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It's Snow Use

dog in snow (Photo: Timothy Gower)
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For a small dog, taking a walk has become a big challenge on the East Coast. Nina, a cairn terrier, eventually managed to summit this snow wall in Harwich, Massachusetts (with the help of her human) and continue on her way.

The weather out there is frightful for both man and beast, so keep these safety tips in mind.

Dress yourself, your kids and your dog appropriately. For the humans, that means warm layers (not cotton, which holds moisture) and of course, a hat and gloves or mittens (mittens are warmer than gloves). Dress your dog in a sweater or coat if he’s one to get cold.

Watch for frostbite. It happens most often to fingers and toes, and to the face — chin, nose, cheeks and ears. The skin will turn pale and feel cold to the touch. As frostbite progresses, it will turn white, waxy or grayish-yellow. Get inside and get medical help. Do not rub or massage the skin.

Don’t fall on the ice. A fall on the ice can be an accident you’ll regret for days, weeks or even months to come. To stay upright on icy streets, walk like a penguin: Spread your feet wide and put your arms out to your sides for balance. Bend your knees slightly to lower your center of gravity. Keep your steps small.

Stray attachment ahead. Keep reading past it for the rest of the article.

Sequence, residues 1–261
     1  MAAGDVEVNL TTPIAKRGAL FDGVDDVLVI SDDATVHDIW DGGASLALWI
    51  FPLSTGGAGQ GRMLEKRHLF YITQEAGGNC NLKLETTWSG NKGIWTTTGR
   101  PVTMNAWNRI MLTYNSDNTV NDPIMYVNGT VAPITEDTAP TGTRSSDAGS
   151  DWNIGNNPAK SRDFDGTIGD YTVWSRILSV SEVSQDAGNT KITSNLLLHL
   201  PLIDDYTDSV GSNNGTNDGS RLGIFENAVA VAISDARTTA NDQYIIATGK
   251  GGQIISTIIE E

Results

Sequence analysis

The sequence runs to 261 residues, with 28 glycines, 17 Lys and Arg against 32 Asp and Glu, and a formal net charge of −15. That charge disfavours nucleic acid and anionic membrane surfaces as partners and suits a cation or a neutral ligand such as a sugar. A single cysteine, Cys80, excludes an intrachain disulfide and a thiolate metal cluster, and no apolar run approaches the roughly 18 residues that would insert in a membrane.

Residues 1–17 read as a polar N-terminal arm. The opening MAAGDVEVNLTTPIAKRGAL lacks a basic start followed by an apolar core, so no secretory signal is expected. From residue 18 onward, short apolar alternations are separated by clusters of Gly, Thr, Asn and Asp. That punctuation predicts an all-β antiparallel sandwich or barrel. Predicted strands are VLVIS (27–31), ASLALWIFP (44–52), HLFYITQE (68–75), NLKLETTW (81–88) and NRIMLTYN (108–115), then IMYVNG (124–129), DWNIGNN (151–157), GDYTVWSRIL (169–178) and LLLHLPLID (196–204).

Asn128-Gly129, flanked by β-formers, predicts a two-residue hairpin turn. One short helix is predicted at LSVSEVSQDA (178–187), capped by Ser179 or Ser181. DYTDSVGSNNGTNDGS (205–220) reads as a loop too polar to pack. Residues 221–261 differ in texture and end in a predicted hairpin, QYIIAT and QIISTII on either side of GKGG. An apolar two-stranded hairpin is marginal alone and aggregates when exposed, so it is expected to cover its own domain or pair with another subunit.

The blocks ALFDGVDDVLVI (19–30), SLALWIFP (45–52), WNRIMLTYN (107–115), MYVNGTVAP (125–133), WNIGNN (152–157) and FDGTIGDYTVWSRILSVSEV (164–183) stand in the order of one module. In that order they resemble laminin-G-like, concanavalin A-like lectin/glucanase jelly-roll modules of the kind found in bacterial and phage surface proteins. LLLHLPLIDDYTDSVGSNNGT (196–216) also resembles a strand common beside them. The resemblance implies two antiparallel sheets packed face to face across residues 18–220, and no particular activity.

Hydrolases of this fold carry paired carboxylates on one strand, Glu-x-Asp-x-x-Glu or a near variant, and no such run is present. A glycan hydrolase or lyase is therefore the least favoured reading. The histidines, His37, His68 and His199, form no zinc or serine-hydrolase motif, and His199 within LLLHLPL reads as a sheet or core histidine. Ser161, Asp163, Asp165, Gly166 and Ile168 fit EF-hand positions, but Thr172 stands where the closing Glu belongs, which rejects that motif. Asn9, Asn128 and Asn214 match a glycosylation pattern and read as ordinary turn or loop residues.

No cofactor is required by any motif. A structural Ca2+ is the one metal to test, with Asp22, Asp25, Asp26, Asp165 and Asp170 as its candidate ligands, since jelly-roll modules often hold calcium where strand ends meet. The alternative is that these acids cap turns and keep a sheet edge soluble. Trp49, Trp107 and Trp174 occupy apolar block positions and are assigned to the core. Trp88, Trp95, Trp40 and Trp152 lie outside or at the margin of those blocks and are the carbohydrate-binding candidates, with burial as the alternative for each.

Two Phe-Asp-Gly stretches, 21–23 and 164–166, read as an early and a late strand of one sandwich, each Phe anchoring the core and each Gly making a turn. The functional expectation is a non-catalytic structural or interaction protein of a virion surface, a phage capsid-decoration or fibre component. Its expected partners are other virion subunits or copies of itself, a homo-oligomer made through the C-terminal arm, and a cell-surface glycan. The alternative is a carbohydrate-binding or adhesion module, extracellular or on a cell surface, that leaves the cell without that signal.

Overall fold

Be kind to your pooch’s paws. Chemicals and salt used to treat snow and ice can irritate the pads on his feet. And ice can accumulate between his toes. Wipe his paws with a damp towel as soon as you walk in the door. Use a dab of petroleum jelly if pads are cracked or sore.

Make sure your dog is tagged and chipped. It’s easier for a dog to get lost when the ground is covered in snow, which can erase smells that normally would help him find his way home. If you don’t trust him to stay by your side, keep him on a leash.

Fill that food bowl. Keeping warm in cold weather takes more energy. If your dog is spending time outdoors, consider feeding him a little more than usual. Make sure his water bowl is full, too.

Visit Your Cold-Weather Survival Guide for more tips.